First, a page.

__ Summary and Contributions__: This paper established optimal bounds for VB in a high-dimensional sparse logistic regression model and proposed a VB algorithm that was empirically shown by the authors to be an appealing alternative to the existing procedures.

__ Strengths__: Disclaimer first: Bayesian inference is not in my area, so my evaluation is based on an apparent ignorance of the large literature along this very interesting line of research.
To me, the theoretical bounds established in this paper are meaningful and interesting, and if they are new, they are to me of added value. One potential concern is how much more work has to be done give what has been known regarding linear regression, about which I believe much has been understood. However, since I did not do much related to VB, I will leave this point to other referees as well as the AC to comment on.
A new VB algorithm is also proposed and empirically shown to be performing better than the existing ones. I am not sure how much novelty there is though; the algorithm looks standard to me.

__ Weaknesses__: It seems that the authors did not analyze the convergence of their algorithm. I would suggest the authors to comment on the theoretical validity of their algorithm.

__ Correctness__: They read meaningful to me.

__ Clarity__: It is well written to me.

__ Relation to Prior Work__: I think so; but again, VB is not in my area.

__ Reproducibility__: Yes

__ Additional Feedback__: Restricted to the studied problem, I would love to see more comments on the advantage of VB over frequentist approaches using, say, penalized MLE. It is my understanding that the main advantage of VB is not on estimation/prediction but on inference (e.g., establishing confidence intervals)? If so, would establishing validity of the confidence interval derived by VB (i.e., Bernstein-von Mises type results) be more interesting?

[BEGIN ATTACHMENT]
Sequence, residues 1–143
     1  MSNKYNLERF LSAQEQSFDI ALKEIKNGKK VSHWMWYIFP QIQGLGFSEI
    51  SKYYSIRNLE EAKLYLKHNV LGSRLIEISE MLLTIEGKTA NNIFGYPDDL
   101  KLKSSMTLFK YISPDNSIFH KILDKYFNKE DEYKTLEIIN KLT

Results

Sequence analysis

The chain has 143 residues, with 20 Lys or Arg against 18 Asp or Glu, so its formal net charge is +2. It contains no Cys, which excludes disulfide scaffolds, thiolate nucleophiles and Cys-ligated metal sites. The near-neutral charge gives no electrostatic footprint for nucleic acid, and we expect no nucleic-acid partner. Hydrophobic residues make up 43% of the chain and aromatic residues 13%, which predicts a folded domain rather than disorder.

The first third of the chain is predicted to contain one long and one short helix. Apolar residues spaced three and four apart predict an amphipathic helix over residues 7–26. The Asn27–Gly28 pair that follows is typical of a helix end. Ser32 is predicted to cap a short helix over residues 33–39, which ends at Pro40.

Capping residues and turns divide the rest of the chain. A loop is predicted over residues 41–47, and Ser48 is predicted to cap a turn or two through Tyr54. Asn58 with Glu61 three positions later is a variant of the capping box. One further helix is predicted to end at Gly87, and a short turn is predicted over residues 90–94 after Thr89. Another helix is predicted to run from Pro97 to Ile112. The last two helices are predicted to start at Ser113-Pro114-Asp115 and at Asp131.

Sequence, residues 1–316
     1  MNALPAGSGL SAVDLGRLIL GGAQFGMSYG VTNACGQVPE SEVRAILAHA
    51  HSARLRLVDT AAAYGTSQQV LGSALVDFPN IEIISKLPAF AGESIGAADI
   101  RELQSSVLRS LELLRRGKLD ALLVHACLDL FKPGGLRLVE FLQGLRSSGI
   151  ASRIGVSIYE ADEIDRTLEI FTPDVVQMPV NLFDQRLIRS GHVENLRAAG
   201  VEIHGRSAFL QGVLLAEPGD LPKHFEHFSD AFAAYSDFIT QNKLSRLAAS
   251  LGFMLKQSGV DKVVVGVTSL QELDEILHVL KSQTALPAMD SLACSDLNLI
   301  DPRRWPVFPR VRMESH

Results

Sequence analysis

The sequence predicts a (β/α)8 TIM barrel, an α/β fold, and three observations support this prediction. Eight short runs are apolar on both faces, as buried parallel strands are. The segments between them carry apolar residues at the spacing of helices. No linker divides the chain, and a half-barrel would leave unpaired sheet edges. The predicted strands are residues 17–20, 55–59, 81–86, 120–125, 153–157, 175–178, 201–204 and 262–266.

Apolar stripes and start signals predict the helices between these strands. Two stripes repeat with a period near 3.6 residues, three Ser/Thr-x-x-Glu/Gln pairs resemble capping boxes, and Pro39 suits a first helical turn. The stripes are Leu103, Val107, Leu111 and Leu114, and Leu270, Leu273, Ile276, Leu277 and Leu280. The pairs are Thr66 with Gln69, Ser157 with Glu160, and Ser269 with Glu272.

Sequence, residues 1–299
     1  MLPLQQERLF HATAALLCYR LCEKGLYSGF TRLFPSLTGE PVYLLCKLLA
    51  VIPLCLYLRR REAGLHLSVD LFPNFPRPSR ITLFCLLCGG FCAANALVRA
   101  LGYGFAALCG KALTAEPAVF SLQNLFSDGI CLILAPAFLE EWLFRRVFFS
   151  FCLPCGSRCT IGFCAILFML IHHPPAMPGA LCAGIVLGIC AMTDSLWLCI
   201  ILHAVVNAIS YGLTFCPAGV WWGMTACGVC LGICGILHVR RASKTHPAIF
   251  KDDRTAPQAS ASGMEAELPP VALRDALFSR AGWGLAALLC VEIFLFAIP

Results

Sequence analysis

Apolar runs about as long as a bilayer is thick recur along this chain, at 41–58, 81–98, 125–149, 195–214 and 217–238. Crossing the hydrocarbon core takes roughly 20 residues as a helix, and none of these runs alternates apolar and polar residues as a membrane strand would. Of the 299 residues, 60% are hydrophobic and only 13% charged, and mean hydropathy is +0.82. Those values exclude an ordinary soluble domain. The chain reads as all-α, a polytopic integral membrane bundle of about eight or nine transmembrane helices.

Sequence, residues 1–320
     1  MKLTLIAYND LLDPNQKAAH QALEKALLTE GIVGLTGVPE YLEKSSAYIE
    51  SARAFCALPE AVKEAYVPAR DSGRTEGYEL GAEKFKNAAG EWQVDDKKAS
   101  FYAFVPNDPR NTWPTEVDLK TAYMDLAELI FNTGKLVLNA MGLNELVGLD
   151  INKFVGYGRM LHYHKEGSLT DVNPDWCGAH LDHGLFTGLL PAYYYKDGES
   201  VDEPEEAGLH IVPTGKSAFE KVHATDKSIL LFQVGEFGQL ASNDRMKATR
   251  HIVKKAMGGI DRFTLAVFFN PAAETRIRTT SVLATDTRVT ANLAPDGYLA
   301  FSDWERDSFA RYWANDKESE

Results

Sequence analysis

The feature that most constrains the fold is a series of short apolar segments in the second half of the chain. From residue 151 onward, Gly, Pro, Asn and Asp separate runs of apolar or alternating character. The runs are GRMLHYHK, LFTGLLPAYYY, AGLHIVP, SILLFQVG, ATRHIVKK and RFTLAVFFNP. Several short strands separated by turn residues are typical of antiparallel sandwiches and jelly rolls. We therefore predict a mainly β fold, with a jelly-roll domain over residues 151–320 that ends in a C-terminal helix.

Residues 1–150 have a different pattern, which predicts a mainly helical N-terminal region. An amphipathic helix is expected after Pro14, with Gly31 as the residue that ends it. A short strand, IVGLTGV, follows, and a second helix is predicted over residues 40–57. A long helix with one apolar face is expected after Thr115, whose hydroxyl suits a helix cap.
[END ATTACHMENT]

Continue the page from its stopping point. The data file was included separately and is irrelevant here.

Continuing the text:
[Update after rebuttal]
I really appreciate the authors' comments on my questions. They are exceedingly clear to me, and combined with the other referees' comments on novelty, made me to accordingly raise my score further.
Speaking about Bernstein-von Mises type results, in case the authors missed it, V. Spokoiny had some very exciting progresses to extend them to high dimensions in a general M-estimation framework; cf. https://projecteuclid.org/euclid.ba/1422884986.
Of course, I believe they are still millions miles away from being applicable to studying VB, but maybe useful in terms of strengthening the results of Wang and Blei (?).
I sincerely hope that the authors continue their success in this rather exciting line of research!!!

__ Summary and Contributions__: The paper aims to provide statistical guarantees for variational Bayes (VB) method when a high-dimensional logistic regression model is under consideration. The authors show that under an appropriate prior (spike and slab with Laplace slabs), VB can achieve minimax rate under both \ell_2 and mean-squared prediction loss. A coordinate-ascent variational inference algorithm is introduced to compute the VB posterior. Several numerical results are presented to verify the theoretical results. In particular, both \ell_2 and mean-squared prediction loss are under control, and the VB posterior can also control FDR in terms of variable selection.

__ Strengths__: The main contribution of the paper is to derive the minimax concentration rate for the VB Posterior when a high-dimensional logistic regression model is considered. Theoretical guarantees of VB have drawn a lot of attention in recent years. The paper relies on the recent breakthrough work on this topic, but also has its own contributions.